Sunday, September 30, 2012

Bones Wires by: Michael Shean Excerpt Book Tour

Title: Bone Wires
Author: Michael Shean
Genre: Dark, Mystery, Science Fiction, 
Publisher: Curiosity Quills/Whampa, LLC
Pages: 380 (paperback)


The scene of the crime was an alleyway behind an abandoned Roziara Deli. Crowding the street outside the deli were a pair of patrol cars, white wedges of steel with ribbon lights that stained the nearby buildings red and blue. Street officers clustered around the mouth, black body armor over blue uniform fatigues; unlike the sidearms that Gray and Carter carried, the streeties carried the blunt, brutal shapes of submachine guns close to their plated chests. A cordon had been set up; the narrow yellow band of holographic tape that stretched across the alley mouth glowed as it cycled through baleful warning messages.
“They used to have good subs here,” said Carter as they pulled up in front of the moldering delicatessen. “Slabs of capicola as thick as Annie Cruz’s ass. Just incredible.”
“Don’t know that name,” said Gray.
“Porn star,” said Carter, who produced his badge and flashed it at a streeter who was approaching them. “Way before your time. Put on your war face, here comes the Pacifier.”
Carter’s Amber Shield glowed like the very words of God Almighty in the low light. “Carter and Gray,” said Carter, keeping his identification held up so that the streeter could see it. “Homicide Solutions.”
“Lem Martin,” replied the streeter. “Pacification Officer, patrol region 927.”
“This is your beat then,” said Gray, who produced from the inside pocket of his suit coat a slim Sony microcomp and engaged its holographic display. Data from the Nexus sprang to life above the palm-sized slab. “What do you have for us, Martin?”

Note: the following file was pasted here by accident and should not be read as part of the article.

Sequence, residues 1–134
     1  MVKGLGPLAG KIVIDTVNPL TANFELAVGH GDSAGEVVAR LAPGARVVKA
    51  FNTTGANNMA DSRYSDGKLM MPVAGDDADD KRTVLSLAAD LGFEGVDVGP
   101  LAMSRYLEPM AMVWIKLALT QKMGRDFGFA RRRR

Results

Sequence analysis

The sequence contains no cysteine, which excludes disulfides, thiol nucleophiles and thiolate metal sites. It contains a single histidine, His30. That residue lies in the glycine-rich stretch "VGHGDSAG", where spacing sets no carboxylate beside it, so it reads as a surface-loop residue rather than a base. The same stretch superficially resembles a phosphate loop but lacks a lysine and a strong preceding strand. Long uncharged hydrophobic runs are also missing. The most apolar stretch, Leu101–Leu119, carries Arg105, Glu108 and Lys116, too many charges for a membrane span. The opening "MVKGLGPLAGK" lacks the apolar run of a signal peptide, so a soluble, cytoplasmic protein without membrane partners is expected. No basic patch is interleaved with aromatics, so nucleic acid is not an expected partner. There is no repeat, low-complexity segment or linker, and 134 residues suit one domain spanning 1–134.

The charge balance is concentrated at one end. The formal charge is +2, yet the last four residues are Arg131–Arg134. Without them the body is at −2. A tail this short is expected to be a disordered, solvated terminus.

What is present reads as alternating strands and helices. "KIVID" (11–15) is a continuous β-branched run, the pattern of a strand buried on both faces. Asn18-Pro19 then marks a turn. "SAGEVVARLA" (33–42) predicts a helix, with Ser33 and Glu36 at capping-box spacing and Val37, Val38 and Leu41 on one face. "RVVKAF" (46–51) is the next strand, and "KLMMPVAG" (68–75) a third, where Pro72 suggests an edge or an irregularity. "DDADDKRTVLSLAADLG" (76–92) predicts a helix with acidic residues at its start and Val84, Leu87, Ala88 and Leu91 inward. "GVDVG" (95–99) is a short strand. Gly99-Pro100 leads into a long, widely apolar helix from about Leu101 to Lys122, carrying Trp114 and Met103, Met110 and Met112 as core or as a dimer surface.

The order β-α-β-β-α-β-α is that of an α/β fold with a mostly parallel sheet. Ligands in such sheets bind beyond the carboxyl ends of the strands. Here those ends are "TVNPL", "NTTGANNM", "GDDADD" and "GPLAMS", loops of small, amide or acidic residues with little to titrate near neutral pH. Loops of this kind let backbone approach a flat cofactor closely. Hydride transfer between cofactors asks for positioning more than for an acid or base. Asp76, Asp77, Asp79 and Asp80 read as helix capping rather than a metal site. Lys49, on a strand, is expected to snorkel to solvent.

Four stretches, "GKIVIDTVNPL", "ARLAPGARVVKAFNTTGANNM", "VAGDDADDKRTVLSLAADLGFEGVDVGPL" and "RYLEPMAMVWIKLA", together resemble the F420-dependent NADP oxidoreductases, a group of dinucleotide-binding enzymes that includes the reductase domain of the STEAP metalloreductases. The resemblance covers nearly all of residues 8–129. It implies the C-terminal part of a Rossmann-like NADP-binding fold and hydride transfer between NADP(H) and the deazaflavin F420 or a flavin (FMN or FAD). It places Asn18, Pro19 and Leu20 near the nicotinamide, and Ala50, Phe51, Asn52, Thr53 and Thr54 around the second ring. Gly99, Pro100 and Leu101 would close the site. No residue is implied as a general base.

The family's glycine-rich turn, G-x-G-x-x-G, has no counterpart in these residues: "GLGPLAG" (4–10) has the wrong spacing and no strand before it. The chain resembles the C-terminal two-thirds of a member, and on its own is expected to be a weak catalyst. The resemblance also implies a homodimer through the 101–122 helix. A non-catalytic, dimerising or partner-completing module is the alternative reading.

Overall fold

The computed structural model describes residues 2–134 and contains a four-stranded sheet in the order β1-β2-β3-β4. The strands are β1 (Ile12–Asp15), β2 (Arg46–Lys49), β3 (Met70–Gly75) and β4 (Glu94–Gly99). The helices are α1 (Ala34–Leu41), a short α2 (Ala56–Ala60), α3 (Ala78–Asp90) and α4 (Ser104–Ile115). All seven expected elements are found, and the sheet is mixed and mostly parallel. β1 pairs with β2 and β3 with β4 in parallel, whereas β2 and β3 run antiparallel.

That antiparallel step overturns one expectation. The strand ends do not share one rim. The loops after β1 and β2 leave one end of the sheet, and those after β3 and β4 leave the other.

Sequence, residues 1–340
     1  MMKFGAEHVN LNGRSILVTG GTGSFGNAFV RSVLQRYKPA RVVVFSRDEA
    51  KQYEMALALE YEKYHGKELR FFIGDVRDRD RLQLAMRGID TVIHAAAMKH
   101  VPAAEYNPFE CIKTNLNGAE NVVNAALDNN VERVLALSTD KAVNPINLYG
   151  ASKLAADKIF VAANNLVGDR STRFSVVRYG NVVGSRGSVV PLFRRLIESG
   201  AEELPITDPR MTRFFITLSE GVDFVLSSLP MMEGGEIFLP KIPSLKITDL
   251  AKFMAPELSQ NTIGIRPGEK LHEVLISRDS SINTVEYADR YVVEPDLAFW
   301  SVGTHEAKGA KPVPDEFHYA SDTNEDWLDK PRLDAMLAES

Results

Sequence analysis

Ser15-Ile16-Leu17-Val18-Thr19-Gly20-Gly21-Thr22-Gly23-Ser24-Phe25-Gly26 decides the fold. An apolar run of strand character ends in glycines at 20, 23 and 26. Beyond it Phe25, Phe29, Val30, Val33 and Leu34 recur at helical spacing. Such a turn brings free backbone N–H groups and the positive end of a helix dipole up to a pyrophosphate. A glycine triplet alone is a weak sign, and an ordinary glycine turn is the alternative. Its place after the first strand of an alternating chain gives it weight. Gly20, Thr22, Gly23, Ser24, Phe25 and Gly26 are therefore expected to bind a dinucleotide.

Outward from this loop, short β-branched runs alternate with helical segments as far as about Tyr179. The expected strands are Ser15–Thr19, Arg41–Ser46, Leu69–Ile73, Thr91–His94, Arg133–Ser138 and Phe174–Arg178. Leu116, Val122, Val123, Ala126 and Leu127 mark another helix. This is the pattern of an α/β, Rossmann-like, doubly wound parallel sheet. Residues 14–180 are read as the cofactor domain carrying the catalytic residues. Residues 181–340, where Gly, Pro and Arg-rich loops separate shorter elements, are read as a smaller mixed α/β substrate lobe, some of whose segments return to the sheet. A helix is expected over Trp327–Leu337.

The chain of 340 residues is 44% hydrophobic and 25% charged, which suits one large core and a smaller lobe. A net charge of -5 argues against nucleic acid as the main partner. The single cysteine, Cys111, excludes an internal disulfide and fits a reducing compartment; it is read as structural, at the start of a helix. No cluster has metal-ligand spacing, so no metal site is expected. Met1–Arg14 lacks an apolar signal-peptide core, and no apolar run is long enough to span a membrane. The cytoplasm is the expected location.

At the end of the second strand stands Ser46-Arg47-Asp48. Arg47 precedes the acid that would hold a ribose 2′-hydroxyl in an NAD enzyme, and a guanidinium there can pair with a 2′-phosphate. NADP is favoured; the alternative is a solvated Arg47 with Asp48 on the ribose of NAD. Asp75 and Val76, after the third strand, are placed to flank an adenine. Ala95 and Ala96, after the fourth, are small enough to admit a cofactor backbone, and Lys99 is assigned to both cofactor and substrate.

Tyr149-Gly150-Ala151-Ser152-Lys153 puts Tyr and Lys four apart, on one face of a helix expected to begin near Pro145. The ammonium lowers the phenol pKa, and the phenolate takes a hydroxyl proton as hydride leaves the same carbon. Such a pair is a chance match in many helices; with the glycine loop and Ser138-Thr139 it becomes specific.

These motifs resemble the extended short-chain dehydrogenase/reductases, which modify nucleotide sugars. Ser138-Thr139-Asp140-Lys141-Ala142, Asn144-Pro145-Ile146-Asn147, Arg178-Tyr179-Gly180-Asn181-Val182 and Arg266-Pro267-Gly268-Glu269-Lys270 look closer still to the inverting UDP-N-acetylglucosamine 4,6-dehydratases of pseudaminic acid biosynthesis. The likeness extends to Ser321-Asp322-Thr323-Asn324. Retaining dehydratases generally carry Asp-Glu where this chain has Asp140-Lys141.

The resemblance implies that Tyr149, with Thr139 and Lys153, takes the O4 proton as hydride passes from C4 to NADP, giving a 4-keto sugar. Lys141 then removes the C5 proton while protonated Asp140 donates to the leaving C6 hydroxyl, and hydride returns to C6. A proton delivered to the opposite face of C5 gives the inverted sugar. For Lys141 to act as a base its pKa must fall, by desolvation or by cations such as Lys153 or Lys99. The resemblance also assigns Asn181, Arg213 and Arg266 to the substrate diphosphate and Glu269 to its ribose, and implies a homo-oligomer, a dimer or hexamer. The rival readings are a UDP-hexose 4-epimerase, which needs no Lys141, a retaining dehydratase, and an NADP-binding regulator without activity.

Martin winced a bit at the lack of ‘Officer’ before his surname – you got a lot of that with Pacification Services, of which street patrol was the biggest group. They didn’t like being talked down to. Gray outranked him, however, and didn’t give a shit besides. “Nasty stuff,” Martin said, jerking his head toward the alley mouth. “Victim’s name is Anderson, Ronald P.. Administration. His panic implant was set off about an hour ago and flatlined soon after; me and my partner were in the area, and when we found him…well. Real horror show back there, is all I can say. I called for backup. Dunno what they used, but…well. You’ll see.”
Carter and Gray looked at each other – streeters saw all sorts of things. If they said it was a nasty scene, they’d probably do well to get smocks and rain boots. “All right, Officer,” Carter said, at which Martin seemed to relax a bit. “Were there any witnesses, security footage, anything like that?”
“Nothing we could find,” said Martin. “This area’s been abandoned for years. Anyone who lives here cleared out as soon as they heard us coming. You know how it is.”
“Yeah,” said Gray. Don’t want to get arrested for just being around. “All right, thanks, Officer. If you and…”